In January 2018, renowned Chinese expatriate author Liao Yiwu, who escaped to Germany via Vietnam in 2011 after being harassed and repeatedly refused permission to travel, wrote a plea for Wang, saying his arrest and jailing were only a matter of time and that he was following in the footsteps of fellow dissident Liu Xiaobo, who won the 2010 Nobel Peace Prize but died in prison before his sentence could be served out.

Zheng Peihong, a lawyer engaged by Wang’s father in the days after his arrest, was interrogated by police for six hours, had all related legal documents and was stripped of his right to provide counsel.

At the same time as Beijing is increasing repression, the Donald Trump administration has continued to step up its criticism of China’s religious program

“We are alarmed that Pastor Wang Yi, leader of the Early Rain Covenant Church in Chengdu, was tried in secret and sentenced to nine years in prison in connection to his peaceful advocacy for religious freedom. We call for his immediate and unconditional release,” State Department spokesman Morton Ortagus said in a Jan. 1 statement.

“This is yet another example of Beijing’s intensification of repression of Chinese Christians and members of other religious groups. We continue to call on Beijing to uphold its international commitments and promises made in its own constitution to promote religious freedom for all individuals, including members of ethnic and religious minorities and those who worship outside of official state-sanctioned institutions.”

Under the Trump presidency, the US has increased its criticism of Beijing’s latest program of religious repression, which began in earnest in 2015 and has focused on what the Chinese government describes as the “Western religions” of Christianity and Islam.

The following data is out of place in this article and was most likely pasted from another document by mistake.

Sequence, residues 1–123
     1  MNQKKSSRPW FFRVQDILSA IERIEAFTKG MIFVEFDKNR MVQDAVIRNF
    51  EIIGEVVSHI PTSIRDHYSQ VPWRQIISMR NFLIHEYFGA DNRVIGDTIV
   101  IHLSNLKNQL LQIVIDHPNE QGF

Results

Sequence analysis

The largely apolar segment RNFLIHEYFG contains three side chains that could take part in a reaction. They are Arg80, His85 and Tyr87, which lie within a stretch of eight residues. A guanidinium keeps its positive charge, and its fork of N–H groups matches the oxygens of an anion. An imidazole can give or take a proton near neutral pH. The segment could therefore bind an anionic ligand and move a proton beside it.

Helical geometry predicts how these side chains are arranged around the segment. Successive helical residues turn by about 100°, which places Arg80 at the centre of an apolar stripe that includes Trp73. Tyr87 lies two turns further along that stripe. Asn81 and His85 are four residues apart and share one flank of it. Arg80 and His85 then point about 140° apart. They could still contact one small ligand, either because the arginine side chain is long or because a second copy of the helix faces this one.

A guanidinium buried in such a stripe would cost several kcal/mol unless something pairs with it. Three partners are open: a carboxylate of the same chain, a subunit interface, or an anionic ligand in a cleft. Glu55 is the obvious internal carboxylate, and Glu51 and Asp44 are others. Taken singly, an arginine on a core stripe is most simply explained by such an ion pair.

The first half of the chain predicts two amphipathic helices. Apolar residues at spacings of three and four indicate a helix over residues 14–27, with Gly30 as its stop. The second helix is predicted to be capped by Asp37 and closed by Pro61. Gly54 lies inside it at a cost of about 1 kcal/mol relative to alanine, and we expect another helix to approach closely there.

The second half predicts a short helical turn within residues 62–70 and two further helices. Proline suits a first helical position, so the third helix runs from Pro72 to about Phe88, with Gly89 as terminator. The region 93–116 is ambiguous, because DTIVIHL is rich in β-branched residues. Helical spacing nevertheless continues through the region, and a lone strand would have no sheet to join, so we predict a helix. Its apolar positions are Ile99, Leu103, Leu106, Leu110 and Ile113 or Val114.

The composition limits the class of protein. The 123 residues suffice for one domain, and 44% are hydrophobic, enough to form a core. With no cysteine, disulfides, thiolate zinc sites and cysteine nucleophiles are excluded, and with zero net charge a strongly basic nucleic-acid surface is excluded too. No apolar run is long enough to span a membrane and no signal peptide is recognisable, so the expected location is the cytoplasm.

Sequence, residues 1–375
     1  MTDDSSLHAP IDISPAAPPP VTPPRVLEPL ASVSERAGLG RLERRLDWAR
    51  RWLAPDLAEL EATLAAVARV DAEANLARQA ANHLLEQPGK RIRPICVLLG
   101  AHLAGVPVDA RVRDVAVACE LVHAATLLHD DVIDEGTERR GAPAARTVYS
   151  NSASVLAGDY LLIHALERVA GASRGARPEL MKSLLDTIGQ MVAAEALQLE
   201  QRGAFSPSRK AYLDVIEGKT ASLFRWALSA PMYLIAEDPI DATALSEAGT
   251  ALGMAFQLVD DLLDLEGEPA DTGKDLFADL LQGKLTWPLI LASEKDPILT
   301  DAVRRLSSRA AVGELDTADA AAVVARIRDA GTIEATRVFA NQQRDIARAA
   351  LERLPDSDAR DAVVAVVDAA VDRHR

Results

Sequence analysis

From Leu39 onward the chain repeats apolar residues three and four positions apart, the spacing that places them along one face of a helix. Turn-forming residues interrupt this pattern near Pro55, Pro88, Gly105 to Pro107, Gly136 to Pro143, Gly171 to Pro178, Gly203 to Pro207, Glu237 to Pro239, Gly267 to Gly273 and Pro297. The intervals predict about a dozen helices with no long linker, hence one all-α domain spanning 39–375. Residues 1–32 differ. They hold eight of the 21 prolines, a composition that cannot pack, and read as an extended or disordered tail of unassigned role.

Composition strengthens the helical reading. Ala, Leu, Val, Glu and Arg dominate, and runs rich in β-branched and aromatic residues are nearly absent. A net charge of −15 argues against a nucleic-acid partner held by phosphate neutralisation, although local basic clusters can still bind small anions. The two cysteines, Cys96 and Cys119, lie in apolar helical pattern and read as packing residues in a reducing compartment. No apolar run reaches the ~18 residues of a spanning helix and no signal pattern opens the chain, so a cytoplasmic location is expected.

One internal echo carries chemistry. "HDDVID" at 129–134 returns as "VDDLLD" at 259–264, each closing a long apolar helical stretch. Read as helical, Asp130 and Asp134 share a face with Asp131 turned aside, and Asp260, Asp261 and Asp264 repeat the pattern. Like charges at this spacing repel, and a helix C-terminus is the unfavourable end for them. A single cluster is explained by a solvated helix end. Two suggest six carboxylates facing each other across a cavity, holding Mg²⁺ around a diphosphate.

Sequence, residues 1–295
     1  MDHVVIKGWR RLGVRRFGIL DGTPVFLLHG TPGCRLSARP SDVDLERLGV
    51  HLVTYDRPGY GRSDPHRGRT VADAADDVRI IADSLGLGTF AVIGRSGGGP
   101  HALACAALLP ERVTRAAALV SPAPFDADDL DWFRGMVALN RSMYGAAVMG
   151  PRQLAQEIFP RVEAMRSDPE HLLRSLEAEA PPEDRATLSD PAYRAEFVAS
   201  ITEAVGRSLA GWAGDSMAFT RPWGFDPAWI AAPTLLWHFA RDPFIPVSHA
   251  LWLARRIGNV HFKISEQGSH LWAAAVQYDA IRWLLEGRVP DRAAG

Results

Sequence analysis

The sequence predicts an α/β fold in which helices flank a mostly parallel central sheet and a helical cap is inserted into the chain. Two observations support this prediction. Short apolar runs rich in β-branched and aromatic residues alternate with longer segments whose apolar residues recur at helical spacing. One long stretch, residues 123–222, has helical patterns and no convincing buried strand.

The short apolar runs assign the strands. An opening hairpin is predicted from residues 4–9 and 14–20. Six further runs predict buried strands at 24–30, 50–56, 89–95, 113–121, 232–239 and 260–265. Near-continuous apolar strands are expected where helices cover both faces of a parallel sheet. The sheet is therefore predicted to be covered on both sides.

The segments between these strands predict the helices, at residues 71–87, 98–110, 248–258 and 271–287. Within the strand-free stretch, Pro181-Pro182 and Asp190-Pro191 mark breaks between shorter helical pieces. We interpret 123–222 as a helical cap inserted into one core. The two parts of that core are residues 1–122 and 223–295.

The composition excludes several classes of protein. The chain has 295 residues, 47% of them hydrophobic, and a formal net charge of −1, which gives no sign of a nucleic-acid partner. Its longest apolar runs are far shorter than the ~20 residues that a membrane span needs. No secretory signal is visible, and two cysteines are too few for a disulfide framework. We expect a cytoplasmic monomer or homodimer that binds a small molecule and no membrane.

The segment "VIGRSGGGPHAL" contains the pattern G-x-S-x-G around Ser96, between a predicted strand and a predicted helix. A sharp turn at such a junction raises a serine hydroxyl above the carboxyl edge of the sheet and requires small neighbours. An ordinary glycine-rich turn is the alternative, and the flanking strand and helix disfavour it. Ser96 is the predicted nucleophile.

The officially atheist Communist Party recognizes five religions: Catholicism, Protestantism, Islam, Daoism and Buddhism. It also officially forbids its 90 million members from being member of religious congregations. And while this is not followed in practice, the organization reiterated these rules once more in 2019.

Protestantism is the fastest-growing religion in China, according to the Pew Institute, and other prominent underground churches have been shuttered in recent years.

Wang had previously worked as a human rights lawyer and was an author and poet. He and Jiang were baptized in 2005 and the next year Wang and other Chinese Christians were received by President George W. Bush in the White House. In the aftermath of the Sichuan earthquake in 2008, Wang and Jiang founded the Early Rain Covenant Church in their home.

Since then, they have been repeatedly harassed by the police and interrogated over 20 times. Wang Yi later became the chief pastor of the Early Rain Covenant Church and the most controversial political pastor among China’s underground churches.

In targeting the underground church’s unofficial leader, Beijing will be hoping, to use an old Chinese proverb, “to frighten the monkeys by killing a chicken.” But the resilience of Christian believers may prove it wrong. Unfortunately, even tougher measures are in store if it does.